“I saw then, perhaps never more clearly than in that moment, how my father’s hands were just stronger versions of my own hands. They were the same as any man’s hands his age. The same, the same, the same. The same as those of the innocent man in the death camp and the same as those of the Nazi soldier who’d raised his rifle and shot him dead. What made the three men different from one another was not their nationality or the shape of their hands or even the blood that flowed under the skin of their fingers. What made the three men different was how they chose to think.

We decide who and what we will love and who and what we will hate. We decide what we will do with the love and hate. Every day we decide. It was this that revealed who we were, not the color of our flesh or the shape of our eyes or the language we spoke.”
— From The Last Year of the War by Susan Meissner.

Submitted by Eliece. Feel free to submit your own quotes to site@orderofbooks.com or just hit reply. It can be just general quotes about books, author quotes within a novel or even character quotes.

Book / Series Recommendations

In this section I give book or series recommendations. They can be old books, they can be new. But either way – I recommend you read them if the type of genre they are in appeals to you. Feel free to e-mail suggestions to site@orderofbooks.com as many of the suggestions each month are from our readers. If you wish to add a description for the book around the same size as the ones below that’d be great too!

The Day Before Midnight by Stephen Hunter

For a period of time, Stephen Hunter was my favourite author. The original Bob Lee Swagger trilogy. The Earl Swagger Trilogy and some great standalone novels.

One book that I really enjoyed and go back and read every couple of years is The Day Before Midnight. This is a very fun action thriller that could easily be made into a movie.

It takes place in the course of one day, when terrorists take over a top-secret nuclear complex with the aim of launching nuclear missiles. This complex is a place that is very secure and should never be compromised. Now the bad guys have control of it, and are on the verge of starting a nuclear war.

A very fun and exciting read. Nice little “popcorn” book.

Noah Wolf Series by David Archer

Surprised I haven’t recommended this series before. Ruth wrote in to recommend it, stating:

“I highly recommend the Noah Wolf series by David Archer. Noah Wolf, leader of team Camelot, is an assassin in a team of four. He works for a highly secret agency that answers only to the President. Due to a childhood trauma he cannot feel emotions, which makes him an interesting character. I listen to Audible books and the narrator is excellent.”

You may know David from his Sam Prichard series and he has written a few others.

Kopp Sisters Series by Amy Stewart
This is a very popular series and was recommended by Barbara, who wrote: “I’m not sure it’s up your alley, but I thoroughly enjoyed these quasi-historical books about the first woman Sheriff in New Jersey. I think cozy readers would like them as I do. ”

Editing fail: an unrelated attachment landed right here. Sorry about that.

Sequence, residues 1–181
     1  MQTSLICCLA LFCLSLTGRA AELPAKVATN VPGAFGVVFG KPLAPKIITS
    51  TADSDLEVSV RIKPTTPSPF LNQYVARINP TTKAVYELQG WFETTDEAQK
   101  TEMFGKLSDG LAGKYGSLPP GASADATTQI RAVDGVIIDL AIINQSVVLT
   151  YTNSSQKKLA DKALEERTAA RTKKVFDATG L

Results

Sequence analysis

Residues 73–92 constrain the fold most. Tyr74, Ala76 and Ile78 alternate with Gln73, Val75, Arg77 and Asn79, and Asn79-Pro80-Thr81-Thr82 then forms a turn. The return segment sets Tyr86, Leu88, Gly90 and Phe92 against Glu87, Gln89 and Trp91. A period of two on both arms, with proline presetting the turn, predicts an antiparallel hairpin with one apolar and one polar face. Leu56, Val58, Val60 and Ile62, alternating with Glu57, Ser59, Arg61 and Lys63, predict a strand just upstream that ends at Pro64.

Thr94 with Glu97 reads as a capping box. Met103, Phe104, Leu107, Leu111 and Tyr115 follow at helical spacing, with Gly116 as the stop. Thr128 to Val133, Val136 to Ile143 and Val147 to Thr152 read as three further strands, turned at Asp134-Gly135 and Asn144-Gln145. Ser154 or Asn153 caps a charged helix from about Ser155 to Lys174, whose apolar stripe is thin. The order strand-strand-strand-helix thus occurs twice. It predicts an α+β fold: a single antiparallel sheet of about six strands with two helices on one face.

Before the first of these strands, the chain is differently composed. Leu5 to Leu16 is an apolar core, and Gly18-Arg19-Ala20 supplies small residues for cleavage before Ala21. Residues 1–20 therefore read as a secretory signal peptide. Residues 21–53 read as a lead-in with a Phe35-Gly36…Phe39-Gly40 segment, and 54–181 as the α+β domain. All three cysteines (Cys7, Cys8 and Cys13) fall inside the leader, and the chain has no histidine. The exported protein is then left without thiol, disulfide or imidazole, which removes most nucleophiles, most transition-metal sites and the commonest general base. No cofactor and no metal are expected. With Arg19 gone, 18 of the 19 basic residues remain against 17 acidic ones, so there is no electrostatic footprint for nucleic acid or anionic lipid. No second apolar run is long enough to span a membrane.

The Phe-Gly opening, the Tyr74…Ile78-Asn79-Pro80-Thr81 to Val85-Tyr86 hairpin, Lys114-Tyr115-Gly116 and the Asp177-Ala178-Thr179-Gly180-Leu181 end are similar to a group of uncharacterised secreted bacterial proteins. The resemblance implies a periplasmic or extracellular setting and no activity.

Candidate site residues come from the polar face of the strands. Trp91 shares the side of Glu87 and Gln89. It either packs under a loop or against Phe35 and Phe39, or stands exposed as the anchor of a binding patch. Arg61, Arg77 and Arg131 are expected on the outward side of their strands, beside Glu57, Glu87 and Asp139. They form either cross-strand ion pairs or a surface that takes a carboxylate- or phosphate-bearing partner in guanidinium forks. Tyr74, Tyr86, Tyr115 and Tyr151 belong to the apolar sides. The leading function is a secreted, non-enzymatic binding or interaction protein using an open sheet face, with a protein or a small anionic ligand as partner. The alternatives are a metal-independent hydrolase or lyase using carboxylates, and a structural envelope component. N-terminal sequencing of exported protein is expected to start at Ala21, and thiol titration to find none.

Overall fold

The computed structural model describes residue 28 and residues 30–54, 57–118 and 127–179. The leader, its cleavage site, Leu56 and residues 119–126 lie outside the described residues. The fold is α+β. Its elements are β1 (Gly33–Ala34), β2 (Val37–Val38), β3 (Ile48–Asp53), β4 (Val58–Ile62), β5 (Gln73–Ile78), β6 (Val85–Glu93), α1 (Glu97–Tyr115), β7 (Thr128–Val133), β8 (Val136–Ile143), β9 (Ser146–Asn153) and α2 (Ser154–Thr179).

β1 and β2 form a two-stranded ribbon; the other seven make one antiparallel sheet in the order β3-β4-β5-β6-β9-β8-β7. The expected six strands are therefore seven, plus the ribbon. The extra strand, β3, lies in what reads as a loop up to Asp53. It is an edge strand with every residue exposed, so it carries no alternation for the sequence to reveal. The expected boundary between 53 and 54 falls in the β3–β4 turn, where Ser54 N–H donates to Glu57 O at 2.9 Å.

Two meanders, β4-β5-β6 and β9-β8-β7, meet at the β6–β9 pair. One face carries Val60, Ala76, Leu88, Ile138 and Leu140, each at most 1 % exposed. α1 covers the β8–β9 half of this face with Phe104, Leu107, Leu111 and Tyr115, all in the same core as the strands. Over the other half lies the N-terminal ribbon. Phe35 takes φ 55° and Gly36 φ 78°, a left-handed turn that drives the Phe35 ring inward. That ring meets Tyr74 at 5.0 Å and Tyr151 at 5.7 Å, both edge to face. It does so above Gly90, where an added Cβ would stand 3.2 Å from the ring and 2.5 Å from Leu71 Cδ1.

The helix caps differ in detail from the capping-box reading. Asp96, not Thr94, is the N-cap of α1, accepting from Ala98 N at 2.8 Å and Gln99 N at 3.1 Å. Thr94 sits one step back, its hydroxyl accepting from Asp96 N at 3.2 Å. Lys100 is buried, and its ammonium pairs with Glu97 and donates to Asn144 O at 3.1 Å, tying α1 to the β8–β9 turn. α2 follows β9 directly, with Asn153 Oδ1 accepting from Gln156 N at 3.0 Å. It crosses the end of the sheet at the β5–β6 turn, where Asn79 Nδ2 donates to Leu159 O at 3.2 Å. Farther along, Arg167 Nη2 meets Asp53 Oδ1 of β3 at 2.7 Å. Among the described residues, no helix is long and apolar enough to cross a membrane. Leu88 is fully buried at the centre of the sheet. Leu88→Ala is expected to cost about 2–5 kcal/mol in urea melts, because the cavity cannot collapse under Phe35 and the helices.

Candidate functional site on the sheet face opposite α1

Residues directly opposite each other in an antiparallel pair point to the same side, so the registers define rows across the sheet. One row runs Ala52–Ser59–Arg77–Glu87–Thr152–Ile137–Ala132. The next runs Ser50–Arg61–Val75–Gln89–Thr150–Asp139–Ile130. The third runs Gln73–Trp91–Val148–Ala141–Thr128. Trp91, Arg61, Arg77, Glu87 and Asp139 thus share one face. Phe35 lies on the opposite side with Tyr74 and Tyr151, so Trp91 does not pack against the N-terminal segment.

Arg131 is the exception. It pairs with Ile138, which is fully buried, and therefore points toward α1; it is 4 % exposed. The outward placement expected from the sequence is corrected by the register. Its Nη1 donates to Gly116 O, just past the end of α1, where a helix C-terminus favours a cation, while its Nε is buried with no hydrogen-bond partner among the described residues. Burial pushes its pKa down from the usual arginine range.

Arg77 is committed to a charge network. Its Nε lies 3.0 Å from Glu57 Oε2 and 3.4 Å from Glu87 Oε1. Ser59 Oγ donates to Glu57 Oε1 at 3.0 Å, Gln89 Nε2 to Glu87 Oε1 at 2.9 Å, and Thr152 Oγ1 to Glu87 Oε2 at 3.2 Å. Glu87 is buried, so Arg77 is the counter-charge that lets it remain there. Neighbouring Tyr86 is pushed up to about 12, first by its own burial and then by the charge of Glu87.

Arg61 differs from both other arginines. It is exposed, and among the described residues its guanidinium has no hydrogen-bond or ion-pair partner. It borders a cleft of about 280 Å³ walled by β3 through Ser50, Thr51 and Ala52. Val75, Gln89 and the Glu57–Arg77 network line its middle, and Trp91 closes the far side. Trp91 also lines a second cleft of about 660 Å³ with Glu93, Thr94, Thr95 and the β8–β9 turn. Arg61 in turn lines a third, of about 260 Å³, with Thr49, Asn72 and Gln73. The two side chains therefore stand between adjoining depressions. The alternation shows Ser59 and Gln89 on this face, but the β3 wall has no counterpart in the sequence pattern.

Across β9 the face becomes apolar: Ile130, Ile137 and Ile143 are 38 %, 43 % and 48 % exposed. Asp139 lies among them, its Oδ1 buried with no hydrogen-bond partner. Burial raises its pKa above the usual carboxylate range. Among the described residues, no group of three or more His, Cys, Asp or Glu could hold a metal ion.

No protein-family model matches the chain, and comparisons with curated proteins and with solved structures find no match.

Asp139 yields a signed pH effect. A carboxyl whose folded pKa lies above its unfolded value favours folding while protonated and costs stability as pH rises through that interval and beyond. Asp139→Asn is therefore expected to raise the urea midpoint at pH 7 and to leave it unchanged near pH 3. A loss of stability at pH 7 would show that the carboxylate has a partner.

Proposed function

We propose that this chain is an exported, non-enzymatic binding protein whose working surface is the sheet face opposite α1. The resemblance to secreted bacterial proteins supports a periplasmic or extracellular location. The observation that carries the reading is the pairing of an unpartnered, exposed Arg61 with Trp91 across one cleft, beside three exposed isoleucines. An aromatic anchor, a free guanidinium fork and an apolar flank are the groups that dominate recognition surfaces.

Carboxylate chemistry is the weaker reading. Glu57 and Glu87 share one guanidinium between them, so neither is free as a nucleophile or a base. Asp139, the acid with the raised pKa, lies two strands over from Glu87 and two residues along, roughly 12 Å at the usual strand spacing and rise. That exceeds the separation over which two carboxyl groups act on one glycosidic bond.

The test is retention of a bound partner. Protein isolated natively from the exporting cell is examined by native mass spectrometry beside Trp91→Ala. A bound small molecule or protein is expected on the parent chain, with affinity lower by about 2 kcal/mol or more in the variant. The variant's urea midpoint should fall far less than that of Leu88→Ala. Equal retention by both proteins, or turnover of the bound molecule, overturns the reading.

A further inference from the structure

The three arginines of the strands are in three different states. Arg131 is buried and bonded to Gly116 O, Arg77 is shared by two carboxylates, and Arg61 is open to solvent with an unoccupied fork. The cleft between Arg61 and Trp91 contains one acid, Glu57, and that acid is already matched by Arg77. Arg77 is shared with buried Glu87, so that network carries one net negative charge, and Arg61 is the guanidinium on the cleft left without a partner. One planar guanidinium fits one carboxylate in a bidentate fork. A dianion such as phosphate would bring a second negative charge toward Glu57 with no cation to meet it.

Girls Waits with Gun is the first book in the Kopp Sisters series by Amy Stewart. Constance Kopp isn’t what one would consider “ordinary.” She towers over most men, has no interest in marriage or domestic affairs, and has been isolated from the world since a family secret sent her and her sisters into seclusion fifteen years ago. One day a belligerent and powerful silk factory owner runs down their buggy, and a dispute over damages turns into a war of bricks, bullets, and threats as he unleashes his gang on their family farm. When the sheriff enlists her help in convicting the men, Constance is forced to confront her past and defend her family – and she does it in a way that few women of 1914 would have dared.


While I appreciate all offers of donations to show your appreciation for the site and newsletter, I’d much rather you do that by supporting some great causes. Each month I pick a few select charities broken down by our most popular countries that you can support instead. Thanks! And please note you’re not restricted to the country you reside in of course – pick any you wish to support!

USA: Fisher Center for Alzheimer’s
UK: Hospice UK
Canada: Canadian National Institute for the Blind
Australia: The Smith Family (Children’s Charity)

Top Humour Books

I asked readers on our Facebook page for funny/humorous books that will make readers laugh out loud. Special thanks to Katy B. who was the motivation for this question, and contributed many of the below.

October 2021 Book Of The Month (16th-31st)

Better Off Dead by Lee & Andrew Child

Jack Reacher is back!

This will be the second outing of Lee Child working together with his brother Andrew, who is slowly taking over the Reacher series.